He is made the commander of a thousand, 18.13
He is commanded by Saul to ght Yahwehs battles on Sauls
behalf, 18.17
He kills 200 Philistines for their foreskins, 18.27
He goes on ghting Philistines, 18.30
He makes a great slaughter of the Philistines, 19.8
Doeg kills 85 priests, 22.18
David makes a great slaughter of the Philistines at Keilah, 23.5
There is a battle with the Philistines at Mt Gilboa, 31.1
The Philistines kill Jonathan and other sons of Saul, 31.2

12
. He is obviously overqualied for the job of court musician, as
Brueggemann wryly observes (Walter Brueggemann, First and Second
Samuel [Interpretation: A Bible Commentary for Teaching and Preaching;
Louisville: John Knox Press, 1990], p. 125). Heather McKay reminds me in
this connection of the stained-glass window in the parish church in Fairlie,
Ayrshire, in which the hyper-competent young David bows beneath the
weight of his shepherds crook, his throwing-stone, his scrip, his lyreand
his psalm-book.
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David the Man: The Construction of Masculinity 6

An Amalekite kills Saul, 2 Sam. 1.10


David has the Amalekite killed, 1.15
Joab and Abishai kill Abner, 3.30
Rechab and Baanah kill Ishbosheth, 4.7
David has Rechab and Baanah killed, 4.12
He defeats Philistines, Moabites, Hadadezer, 8.1-3
He kills 22,000 Syrians, 8.5
He kills 18,000 Edomites, 8.13
Joab leads Israelites in battle against Ammonites and Syrians, 10.6-
9
David leads Israelites in battle against Syrians, 10.17
David kills the Syrian general Shobach, 40,000 horsemen and the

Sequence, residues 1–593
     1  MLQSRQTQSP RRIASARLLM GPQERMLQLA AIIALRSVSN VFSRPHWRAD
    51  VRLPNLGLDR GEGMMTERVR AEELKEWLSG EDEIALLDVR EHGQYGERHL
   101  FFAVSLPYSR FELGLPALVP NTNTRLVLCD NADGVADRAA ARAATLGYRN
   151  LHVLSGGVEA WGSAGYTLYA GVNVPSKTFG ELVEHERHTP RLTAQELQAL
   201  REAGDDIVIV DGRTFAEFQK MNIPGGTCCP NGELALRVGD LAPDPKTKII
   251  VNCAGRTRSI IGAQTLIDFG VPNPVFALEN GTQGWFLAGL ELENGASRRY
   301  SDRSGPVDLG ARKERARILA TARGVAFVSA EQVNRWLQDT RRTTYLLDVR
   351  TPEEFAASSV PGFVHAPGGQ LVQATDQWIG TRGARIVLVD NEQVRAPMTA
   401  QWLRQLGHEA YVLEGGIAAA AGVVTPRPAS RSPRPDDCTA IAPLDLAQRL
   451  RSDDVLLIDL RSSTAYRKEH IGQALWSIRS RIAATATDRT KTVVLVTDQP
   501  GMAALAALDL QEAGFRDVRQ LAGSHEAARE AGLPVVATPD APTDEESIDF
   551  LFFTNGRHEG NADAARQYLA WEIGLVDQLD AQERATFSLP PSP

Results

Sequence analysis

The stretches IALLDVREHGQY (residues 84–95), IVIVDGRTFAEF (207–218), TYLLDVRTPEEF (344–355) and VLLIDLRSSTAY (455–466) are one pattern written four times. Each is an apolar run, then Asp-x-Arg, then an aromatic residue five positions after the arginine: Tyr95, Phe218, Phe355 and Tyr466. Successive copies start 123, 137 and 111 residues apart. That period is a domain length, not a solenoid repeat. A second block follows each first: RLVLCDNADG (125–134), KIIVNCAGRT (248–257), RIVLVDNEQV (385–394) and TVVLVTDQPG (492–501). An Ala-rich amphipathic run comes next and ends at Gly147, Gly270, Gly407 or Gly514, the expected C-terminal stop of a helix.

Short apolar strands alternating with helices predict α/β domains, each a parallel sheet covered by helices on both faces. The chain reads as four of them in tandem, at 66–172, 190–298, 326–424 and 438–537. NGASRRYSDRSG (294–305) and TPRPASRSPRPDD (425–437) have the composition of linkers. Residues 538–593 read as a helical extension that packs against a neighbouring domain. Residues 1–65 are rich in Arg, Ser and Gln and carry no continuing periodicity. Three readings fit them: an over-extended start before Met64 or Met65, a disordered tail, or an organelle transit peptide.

men of 700 chariots, 10.18
Joab besieges the Ammonites of Rabbah, 11.1; 12.26
David arranges for Uriahs death, 11.15
Absaloms servants kill Amnon, 13.28-29
Davids warriors kill 20,000 of Absaloms forces, 18.7
Joab and his warriors kill Absalom, 18.14-15
Joab kills Amasa, 20.10
The men of Abel Beth Maacah behead Sheba, 20.22
David gives seven sons of Saul to the Gibeonites to be killed, 21.6-9
David ghts Philistines, 21.15
Abishai kills the Philistine Ishbosheth, 21.17
There are three further battles with Philistines, 21.18-20
Davids warrior Josheb-basshebeth killed 800 men at one time, 23.8
Davids warriors Eleazar and Shammah killed many Philistines,
23.10, 12
Abishai killed 300 men, 23.18
Benaiah killed an Egyptian (and perhaps two Moabites), 23.20-21
David commands the killing of Joab and Shimei, 1 Kgs 2.6, 8-9
(2.34, 46)

Davids body count, by this reckoning, is something like


140,000 men, in addition to the 15 individuals whose deaths he is
said to have been personally responsible for. According to the
biblical text of the David story, indeed, ancient Israel as a whole
was a warrior society: in Israel there were 800,000 warriors who
drew the sword, and in Judah 500,000 (2 Sam. 24.9). No matter
whether these gures have historical value or not; they are the
impression the text wants to create, they constitute the narrators
representation of his society.
It is essential for a man in the David story that he be strong
which means to say, capable of violence against other men and
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David the Man: The Construction of Masculinity 7

active in killing other men. The language of strength is perva-


sive; here are merely some examples:
David prevails (qzj) over the Philistine Goliath, 1 Sam. 17.50
Joab speaks of the Syrians being too strong for him or the Ammonites
being too strong for his brother Abishai, 2 Sam. 10.11
Amnon overpowered (qzj) his sister Tamar and raped her, 13.14
God has girded David with strength for battle, 22.40
Saul and Jonathan are lamented by David as the mighty, 1.19, 21, 22,